Anti-ergotypic T cells in naïve rats

Avishai Mimran, Felix Mor, Francisco J. Quintana, Irun R. Cohen*

*Corresponding author for this work

Research output: Contribution to journalArticlepeer-review


T regulatory cells play an important role in regulating T cell responses. Anti-ergotypic T cells are a subset of regulatory T cells that proliferate in response to activation markers, ergotopes, expressed on activated, and not on resting syngeneic T cells. Here we report the presence of anti-ergotypic T cells in lymph nodes, spleens and thymuses of naïve rats. The development of anti-ergotypic T cells appeared to be independent of antigen priming, as thymocytes from one-day old rats exhibited significant anti-ergotypic proliferative responses. The anti-ergotypic T cells were found to be of the CD8+ phenotype, and included both TCRα/β+ and TCRγ/δ+ T cells. The TCRγ/δ+ anti-ergotypic T cells secreted IFNγ and TNFα in response to activated T cells; the TCRα/β+ T cells proliferated but did not secret detectable cytokines. We found that the interaction between the anti-ergotypic T cells and stimulator T cells required cell-to-cell contact between the T cells. Professional APCs were not needed. The response of the TCRα/β+CD8+ anti-ergotypic T cells was MHC-I restricted and B7-CD28 dependent; the response of the TCRγ/δ + anti-ergotypic T cells was B7-CD28 dependent, but was not inhibited by antibodies to classical MHC-I or MHC-II molecules. The existence of anti-ergotypic T cells in naïve animals suggests that these cells might have a role in the regulation and maintenance of the immune system.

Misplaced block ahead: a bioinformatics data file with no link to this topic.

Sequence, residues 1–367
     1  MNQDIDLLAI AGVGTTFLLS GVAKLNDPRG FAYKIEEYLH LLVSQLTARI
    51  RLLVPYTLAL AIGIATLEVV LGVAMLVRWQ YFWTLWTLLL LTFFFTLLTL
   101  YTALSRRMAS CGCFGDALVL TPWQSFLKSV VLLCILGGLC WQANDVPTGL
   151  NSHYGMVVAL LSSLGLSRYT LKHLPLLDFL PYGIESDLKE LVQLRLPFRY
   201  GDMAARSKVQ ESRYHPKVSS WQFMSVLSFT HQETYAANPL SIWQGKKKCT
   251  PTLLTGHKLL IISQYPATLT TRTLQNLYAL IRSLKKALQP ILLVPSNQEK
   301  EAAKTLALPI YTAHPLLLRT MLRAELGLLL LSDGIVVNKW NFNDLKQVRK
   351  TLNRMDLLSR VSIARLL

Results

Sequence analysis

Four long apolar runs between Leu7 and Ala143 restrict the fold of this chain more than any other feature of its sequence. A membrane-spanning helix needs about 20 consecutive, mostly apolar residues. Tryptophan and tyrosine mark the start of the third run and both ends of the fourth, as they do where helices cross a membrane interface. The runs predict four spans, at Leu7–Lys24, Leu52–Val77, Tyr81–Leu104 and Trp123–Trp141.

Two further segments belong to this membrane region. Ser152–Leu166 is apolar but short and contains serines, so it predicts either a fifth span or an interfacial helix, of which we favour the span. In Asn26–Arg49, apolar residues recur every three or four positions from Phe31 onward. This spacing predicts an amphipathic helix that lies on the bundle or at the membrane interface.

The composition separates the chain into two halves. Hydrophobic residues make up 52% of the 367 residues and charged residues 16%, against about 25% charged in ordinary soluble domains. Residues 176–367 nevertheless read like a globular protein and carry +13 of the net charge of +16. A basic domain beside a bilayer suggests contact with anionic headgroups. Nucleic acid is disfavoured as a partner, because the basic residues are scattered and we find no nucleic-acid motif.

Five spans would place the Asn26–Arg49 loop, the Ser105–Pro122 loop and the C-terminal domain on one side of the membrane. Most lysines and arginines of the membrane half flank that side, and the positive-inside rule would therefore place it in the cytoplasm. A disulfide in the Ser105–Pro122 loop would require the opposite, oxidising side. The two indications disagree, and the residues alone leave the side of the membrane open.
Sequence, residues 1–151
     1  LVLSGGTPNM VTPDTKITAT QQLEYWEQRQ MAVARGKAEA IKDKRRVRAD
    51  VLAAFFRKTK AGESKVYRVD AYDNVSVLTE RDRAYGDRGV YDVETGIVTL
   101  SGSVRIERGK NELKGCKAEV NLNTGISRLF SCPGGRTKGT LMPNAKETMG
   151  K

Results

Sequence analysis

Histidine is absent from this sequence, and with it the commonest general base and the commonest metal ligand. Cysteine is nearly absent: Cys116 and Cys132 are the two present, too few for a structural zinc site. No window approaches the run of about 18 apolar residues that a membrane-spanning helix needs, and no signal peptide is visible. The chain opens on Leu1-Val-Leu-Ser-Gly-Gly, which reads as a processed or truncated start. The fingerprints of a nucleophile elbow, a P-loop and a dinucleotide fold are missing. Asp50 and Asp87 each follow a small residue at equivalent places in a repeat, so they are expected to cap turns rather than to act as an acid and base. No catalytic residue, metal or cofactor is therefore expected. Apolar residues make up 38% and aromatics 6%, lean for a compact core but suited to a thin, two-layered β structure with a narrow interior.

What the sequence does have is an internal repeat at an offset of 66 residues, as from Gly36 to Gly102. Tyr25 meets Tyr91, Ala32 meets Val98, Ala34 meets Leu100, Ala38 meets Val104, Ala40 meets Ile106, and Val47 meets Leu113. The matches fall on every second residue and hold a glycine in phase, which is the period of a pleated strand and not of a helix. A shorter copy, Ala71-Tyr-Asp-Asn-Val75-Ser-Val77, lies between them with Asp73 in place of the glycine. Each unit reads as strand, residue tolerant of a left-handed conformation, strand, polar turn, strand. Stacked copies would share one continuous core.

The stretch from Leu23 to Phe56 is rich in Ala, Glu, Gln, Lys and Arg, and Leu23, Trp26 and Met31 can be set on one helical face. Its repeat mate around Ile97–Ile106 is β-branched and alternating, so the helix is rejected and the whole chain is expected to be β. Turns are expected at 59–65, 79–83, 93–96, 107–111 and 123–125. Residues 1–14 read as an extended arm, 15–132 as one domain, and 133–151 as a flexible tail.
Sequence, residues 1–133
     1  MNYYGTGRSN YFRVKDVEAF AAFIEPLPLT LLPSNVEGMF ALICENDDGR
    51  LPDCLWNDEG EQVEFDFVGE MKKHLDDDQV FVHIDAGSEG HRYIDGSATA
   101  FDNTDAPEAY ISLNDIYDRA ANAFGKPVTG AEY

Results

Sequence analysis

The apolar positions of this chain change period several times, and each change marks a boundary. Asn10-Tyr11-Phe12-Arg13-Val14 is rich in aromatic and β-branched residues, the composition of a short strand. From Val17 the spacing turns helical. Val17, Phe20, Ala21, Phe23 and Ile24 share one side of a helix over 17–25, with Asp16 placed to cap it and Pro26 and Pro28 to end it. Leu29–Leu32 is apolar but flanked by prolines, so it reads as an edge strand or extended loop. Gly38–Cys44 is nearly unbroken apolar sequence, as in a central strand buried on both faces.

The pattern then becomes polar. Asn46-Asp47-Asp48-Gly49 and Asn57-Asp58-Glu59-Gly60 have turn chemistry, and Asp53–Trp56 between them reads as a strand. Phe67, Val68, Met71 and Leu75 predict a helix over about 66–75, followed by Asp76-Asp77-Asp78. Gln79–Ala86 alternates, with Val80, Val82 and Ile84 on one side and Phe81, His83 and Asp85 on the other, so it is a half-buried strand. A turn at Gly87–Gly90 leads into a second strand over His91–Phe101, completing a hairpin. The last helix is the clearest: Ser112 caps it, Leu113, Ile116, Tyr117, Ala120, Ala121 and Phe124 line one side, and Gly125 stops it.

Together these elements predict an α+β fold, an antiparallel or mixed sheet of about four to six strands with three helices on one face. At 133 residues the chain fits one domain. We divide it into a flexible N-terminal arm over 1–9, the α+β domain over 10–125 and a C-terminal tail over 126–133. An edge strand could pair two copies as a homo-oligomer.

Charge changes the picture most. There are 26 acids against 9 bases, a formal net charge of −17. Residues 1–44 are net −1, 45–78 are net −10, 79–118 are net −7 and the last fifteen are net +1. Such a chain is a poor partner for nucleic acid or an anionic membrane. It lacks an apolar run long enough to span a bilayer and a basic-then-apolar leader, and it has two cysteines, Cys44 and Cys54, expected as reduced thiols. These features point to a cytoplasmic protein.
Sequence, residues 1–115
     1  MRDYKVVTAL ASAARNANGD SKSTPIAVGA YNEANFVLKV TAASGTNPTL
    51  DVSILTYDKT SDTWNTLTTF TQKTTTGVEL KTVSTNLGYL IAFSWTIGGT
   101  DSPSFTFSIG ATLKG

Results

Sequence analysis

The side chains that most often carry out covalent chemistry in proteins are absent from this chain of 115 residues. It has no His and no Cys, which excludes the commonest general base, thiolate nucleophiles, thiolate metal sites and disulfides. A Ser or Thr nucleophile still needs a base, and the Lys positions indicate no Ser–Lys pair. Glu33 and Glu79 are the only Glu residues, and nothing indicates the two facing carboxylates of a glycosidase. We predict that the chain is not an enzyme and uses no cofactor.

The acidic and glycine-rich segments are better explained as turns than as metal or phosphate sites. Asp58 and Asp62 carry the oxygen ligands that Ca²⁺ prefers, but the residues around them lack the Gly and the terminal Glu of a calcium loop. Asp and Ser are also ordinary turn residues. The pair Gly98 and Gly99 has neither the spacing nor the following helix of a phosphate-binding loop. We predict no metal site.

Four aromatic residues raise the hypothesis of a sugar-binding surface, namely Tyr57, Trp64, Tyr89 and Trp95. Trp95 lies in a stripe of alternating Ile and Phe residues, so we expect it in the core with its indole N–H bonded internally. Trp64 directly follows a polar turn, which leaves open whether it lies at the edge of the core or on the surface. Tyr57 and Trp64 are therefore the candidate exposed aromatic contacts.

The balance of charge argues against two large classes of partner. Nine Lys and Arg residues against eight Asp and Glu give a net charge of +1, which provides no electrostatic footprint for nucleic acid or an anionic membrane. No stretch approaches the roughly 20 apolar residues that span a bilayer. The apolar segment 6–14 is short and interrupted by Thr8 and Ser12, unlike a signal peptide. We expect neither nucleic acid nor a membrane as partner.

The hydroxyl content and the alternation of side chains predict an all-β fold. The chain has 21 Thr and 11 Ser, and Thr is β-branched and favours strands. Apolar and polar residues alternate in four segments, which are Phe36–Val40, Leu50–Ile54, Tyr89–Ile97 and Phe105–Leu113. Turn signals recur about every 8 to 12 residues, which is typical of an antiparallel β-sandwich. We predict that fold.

Original languageEnglish
Pages (from-to)191-201
Number of pages11
JournalJournal of Autoimmunity
Issue number3
StatePublished - May 2005
Externally publishedYes


  • Autoimmune diseases
  • Lymph nodes and thymus
  • Regulatory T cells
  • Spleen
  • T lymphocytes


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